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Romigh questions Massena hiring practices

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MASSENA - David H. Romigh was hopeful when he submitted his resume for a career firefighter opening at the Massena Fire Department.

He was a Massena native and served in the United States Navy aboard the U.S.S. Blue Ridge near Japan from 1995 to 1997. While there, he said he trained others in shipboard firefighting and damage control. He spent much of the last 15 years in an information technology career and moved back by choice to the north country a couple of years ago.

He wasn’t called for an interview. Instead, the village board selected another candidate at a meeting earlier this month.

Mr. Romigh wondered why the village passed him over for the job. Since then, he has filed a Freedom of Information Law request with the village to find out more information on the five candidates chosen for interviews. That request is pending, he said.

Mr. Romigh said not getting more consideration for the job sends a detrimental message.

“‘We don’t care whether you’ve served your country. Essentially, we have no use for you,’” he said. “That’s not a great message to put forth. It leaves a bad taste in your mouth.”

The village Board of Trustees has a personnel committee comprised of Francis J. Carvel and Albert C. “Herb” Deshaies, which selects five candidates out of the application pile for interviews. The department head then recommends the final candidate to be hired to the Board of Trustees.

In this particular case, Mr. Carvel had recused himself from the committee because of a potential conflict of interest with one of the candidates, and Trustee Timothy J. Ahlfeld was in his place. The board voted 5-0 to approve Justin Niles, who lives in Franklin County and has served in the Brushton Volunteer Fire Department.

“Out of the five, we thought Justin was the most qualified applicant,” Fire Driver in Charge Ken McGowan said.

Mr. Romigh wondered if there were reasons he wasn’t given more consideration.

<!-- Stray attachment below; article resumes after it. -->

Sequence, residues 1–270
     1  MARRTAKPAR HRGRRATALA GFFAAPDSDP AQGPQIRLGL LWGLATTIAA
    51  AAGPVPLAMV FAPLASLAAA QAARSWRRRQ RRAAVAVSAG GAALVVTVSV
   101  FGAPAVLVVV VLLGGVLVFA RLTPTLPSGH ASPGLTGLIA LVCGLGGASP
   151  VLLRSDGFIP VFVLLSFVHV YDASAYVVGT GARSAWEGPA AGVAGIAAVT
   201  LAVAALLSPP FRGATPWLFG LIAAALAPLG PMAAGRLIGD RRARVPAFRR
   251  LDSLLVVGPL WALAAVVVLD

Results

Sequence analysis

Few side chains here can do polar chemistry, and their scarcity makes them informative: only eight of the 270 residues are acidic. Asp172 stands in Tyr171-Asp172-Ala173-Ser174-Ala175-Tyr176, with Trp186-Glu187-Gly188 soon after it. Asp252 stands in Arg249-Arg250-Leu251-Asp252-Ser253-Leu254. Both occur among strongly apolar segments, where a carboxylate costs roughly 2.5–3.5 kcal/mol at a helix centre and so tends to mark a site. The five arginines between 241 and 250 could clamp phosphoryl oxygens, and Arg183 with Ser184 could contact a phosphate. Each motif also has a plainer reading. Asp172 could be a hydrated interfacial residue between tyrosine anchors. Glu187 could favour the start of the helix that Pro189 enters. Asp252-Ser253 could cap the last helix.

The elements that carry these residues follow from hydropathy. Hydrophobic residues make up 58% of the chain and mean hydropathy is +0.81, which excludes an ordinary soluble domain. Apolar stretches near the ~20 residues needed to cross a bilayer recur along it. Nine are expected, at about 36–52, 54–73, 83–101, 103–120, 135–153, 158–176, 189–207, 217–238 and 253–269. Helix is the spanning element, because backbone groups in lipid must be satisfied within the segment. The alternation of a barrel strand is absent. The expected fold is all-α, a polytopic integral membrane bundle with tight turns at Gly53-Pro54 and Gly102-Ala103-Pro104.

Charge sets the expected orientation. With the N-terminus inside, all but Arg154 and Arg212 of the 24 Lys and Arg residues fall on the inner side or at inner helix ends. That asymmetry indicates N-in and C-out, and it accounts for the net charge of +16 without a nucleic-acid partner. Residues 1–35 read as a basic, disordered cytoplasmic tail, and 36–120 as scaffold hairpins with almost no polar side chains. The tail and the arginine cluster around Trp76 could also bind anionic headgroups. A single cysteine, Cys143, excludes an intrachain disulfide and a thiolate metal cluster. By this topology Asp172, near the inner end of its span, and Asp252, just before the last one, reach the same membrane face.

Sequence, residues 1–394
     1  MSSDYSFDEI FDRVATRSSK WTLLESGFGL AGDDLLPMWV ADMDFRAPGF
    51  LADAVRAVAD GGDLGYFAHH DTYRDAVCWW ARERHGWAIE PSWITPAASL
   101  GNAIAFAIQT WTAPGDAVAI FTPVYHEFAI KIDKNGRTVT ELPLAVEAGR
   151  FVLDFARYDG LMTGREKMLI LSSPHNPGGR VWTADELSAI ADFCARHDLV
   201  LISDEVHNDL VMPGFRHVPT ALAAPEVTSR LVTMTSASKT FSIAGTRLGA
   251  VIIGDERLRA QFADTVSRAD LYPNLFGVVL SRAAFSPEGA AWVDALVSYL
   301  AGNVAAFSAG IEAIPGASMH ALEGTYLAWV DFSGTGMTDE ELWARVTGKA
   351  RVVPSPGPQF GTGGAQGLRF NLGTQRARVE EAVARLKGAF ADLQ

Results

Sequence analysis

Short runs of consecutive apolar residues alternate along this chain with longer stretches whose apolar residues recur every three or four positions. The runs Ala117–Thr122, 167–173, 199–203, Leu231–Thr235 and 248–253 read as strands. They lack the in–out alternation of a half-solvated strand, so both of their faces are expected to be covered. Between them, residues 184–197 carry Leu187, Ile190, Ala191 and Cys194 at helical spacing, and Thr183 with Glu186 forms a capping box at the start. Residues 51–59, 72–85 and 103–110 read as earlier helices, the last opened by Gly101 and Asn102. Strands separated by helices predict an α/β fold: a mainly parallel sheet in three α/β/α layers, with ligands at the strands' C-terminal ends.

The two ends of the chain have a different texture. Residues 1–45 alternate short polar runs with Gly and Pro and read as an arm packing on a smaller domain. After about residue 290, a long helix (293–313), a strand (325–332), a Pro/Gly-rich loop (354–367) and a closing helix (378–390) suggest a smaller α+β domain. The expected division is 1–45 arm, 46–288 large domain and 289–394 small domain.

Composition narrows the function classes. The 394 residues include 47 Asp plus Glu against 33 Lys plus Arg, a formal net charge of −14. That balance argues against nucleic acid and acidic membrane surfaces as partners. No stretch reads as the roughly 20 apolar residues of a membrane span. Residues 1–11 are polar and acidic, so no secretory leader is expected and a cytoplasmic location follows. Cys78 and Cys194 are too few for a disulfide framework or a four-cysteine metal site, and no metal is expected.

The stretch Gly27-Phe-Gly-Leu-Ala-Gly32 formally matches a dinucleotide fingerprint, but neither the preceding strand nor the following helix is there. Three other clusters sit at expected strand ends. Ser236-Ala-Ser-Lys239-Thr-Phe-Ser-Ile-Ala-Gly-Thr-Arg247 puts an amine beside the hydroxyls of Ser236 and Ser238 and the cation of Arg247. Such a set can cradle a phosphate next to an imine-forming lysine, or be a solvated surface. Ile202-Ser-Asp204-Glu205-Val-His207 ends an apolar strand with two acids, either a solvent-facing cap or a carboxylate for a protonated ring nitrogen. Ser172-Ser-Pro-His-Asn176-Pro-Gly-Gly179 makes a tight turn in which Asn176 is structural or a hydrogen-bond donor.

“Either the village board is anti-veteran, anti-Republican, or, because of my last name, anti-Romigh,” he told board members.

Mr. Romigh attended the meeting with his father, former St. Lawrence County Legislator Charles B. Romigh, who wondered what the criteria are for getting an interview.

“How long has it been effect that Massena residents are not getting top priority?” the elder Romigh asked the board. “Somebody who has trained other people to fight fires should at least be given an interview.”

Mayor James F. Hidy said others besides Mr. Romigh were also not chosen for an interview.

“(The final) candidates were chosen out of a pool by the personnel committee,” Mr. Hidy said. “We came up with a candidate that fit the match.”

Mr. Hidy disagreeed that the board was anti-Romigh, anti-Republican or anti-veteran. Mr. Hidy had applied for jobs in the past and not been called in for an interview too, he said.

“It’s unfortunate he wasn’t one of the ones selected,” Mr. Hidy said Friday. “For someone to think he was singled out not to get a job, that’s absolutely absurd.”

Last year the village board abolished the residency requirement, which mandated some employees live within village limits. Even during that requirement’s existence, state law trumped the village’s and allowed firefighters to live outside the community they work in.

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